Dilbert’s Rules

  1. I can only please one person per day. Today is not your day. Tomorrow is not looking good either.
  2. I love deadlines. I especially like the whooshing sound they make as they go flying by.
  3. Tell me what you need, and I’ll tell you how to get along without it.
  4. Accept that some days you are the pigeon and some days the statue.
  5. Needing someone is like needing a parachute. If he isn’t there the first time, chances are you won’t be needing him again.
  6. I don’t have an attitude problem, you have a perception problem.
  7. Last night I lay in bed looking up at the stars in the sky, and I thought to myself, where the heck is the ceiling?
  8. My reality check bounced.
  9. On the keyboard of life, always keep one finger on the escape key.
  10. I don’t suffer from stress. I am a carrier.
  11. You are slower than a herd of turtles stampeding through peanut butter.
  12. Do not meddle in the affairs of dragons, because you are crunchy and taste good with ketchup.
  13. Everybody is somebody else’s weirdo.
  14. Never argue with an idiot. They drag you down to their level, then beat you with experience.
  15. A pat on the back is only a few centimeters from a kick in the butt.
  16. Don’t be irreplaceable – if you can’t be replaced, you can’t be promoted.
  17. After any salary raise, you will have less money at the end of the week.
  18. The more crap you put up with, the more crap you are going to get.
  19. You can go anywhere you want if you look serious and carry a clipboard.
  20. Eat one live toad first thing in the morning and nothing worse will happen to you the rest of the day.
  21. If it wasn’t for the last minute, nothing would get done.
  22. When you don’t know what to do, walk fast and look worried.
  23. Following the rules will not get the job done.
  24. When confronted by a difficult problem, you can solve it more easily by reducing it to the question, “How would the Lone Ranger handle this??
Advertisements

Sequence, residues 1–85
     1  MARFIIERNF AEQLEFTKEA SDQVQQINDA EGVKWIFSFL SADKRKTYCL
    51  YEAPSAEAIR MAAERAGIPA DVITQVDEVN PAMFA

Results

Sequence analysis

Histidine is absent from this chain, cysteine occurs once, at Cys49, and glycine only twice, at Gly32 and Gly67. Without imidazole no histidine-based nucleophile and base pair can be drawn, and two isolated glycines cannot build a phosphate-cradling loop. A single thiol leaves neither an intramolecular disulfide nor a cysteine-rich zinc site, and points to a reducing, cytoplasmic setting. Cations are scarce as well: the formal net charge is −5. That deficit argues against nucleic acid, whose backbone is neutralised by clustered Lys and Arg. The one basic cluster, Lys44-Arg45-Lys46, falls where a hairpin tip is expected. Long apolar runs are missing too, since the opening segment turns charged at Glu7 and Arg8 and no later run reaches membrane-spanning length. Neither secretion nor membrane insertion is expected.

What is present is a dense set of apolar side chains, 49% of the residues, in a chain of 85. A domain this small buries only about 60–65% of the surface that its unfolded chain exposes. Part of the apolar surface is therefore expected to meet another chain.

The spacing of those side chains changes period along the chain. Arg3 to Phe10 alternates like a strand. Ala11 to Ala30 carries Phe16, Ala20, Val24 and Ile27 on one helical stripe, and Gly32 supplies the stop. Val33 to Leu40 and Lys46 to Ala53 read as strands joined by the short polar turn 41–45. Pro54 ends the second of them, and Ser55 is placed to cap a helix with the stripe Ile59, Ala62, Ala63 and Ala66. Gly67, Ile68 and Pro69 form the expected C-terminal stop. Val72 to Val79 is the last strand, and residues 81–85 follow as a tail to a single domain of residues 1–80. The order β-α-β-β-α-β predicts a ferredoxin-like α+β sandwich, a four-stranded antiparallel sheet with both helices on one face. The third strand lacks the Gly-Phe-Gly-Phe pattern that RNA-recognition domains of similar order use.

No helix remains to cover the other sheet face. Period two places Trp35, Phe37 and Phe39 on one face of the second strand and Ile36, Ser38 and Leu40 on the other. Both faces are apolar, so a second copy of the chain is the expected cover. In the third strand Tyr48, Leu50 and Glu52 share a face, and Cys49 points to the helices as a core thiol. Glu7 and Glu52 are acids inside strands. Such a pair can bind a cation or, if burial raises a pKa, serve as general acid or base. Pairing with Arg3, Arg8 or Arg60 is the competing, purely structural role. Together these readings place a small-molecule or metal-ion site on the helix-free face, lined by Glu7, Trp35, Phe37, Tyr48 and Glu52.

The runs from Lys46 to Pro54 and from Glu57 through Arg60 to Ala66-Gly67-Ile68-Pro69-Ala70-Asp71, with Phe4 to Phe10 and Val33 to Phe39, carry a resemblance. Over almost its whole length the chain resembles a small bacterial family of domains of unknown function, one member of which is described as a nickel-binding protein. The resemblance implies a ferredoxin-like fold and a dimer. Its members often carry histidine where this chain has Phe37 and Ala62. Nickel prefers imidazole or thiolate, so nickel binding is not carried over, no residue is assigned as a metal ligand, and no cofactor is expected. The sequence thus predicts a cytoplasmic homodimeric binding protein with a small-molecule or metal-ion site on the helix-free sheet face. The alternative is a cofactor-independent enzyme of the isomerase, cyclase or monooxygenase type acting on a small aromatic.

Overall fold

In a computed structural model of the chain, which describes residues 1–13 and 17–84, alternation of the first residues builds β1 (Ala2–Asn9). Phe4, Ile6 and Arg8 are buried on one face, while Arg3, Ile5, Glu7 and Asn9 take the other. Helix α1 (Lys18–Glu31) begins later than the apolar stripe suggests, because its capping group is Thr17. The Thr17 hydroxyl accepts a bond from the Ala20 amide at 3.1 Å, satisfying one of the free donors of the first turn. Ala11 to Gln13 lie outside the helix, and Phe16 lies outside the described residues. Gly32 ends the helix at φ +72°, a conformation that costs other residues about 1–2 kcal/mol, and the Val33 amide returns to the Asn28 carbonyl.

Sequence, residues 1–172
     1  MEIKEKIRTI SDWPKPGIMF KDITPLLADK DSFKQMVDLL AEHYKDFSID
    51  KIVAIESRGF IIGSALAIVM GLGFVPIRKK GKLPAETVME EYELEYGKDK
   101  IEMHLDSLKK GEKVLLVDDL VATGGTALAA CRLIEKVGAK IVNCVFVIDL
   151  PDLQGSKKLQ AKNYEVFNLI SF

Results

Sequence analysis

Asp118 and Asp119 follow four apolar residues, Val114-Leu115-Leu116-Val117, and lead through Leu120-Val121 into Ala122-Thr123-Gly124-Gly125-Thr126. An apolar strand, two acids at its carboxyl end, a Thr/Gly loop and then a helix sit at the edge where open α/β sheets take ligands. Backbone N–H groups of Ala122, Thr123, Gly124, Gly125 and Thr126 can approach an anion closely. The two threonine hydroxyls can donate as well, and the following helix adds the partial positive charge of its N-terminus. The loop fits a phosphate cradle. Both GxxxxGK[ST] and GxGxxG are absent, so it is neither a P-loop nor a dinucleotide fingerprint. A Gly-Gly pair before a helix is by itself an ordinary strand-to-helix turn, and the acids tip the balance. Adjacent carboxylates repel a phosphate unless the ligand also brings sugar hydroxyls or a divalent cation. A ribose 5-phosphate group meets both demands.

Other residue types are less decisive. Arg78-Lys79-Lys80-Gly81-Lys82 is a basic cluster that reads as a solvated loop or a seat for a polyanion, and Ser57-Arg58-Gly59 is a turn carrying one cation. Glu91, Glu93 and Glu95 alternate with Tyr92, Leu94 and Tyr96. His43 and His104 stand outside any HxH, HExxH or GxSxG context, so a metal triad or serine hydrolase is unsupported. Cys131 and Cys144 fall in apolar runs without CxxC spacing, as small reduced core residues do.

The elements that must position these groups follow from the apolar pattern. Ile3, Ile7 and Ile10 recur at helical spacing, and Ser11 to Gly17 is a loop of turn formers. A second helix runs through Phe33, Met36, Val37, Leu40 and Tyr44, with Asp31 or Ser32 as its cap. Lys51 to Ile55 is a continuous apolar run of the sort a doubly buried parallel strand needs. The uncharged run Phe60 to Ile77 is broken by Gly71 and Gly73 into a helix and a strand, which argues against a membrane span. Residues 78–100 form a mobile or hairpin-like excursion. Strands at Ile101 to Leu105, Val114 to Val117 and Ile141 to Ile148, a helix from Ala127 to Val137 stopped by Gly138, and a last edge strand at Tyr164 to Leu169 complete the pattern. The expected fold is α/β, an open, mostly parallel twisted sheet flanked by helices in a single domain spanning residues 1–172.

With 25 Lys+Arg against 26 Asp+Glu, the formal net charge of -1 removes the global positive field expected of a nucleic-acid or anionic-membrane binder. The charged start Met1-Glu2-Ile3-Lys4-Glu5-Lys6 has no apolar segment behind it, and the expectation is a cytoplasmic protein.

Would-be Teacher Denied Degree over ‘Drunken Pirate’ Photo

http://www.foxnews.com/story/0,2933,269079,00.html

Do I have sympathy for this young lady? I feel sorry for her that she spent a great deal of time, money, and energy working towards a goal, but will now not achieve that goal. However, by her complaining and her sense of entitlement, my sympathy fades quickly. As a teacher education student at Seward I was constantly warned about things that could affect me remaining in the teacher education program or affect my future certification by the state. I knew that nothing was guaranteed. I know of students who failed at this and ultimately were denied their teaching degree or their state certification because of poor choices.

This lady has no room to complain. She knew the expectations placed on her and she failed. She not only failed, but she herself publicized the photos in question on her myspace page. Tough cookies. Kudos to the school for standing up to her and upholding high standards for teacher behavior.

Logos for the Mac

A theologian who is interested in using technology in his studies has three options, BibleWorks, Logos/Libronix, and for strictly Mac users, Accordance. Before the advent of Boot Camp and Parallels, Mac users were stuck with running a painfully slow program called VirtualPC in order to run windows programs. Now, with Parallels, Mac users can run windows programs side by side with their Apple native programs. This has opened the door for the use of BibleWorks and Logos.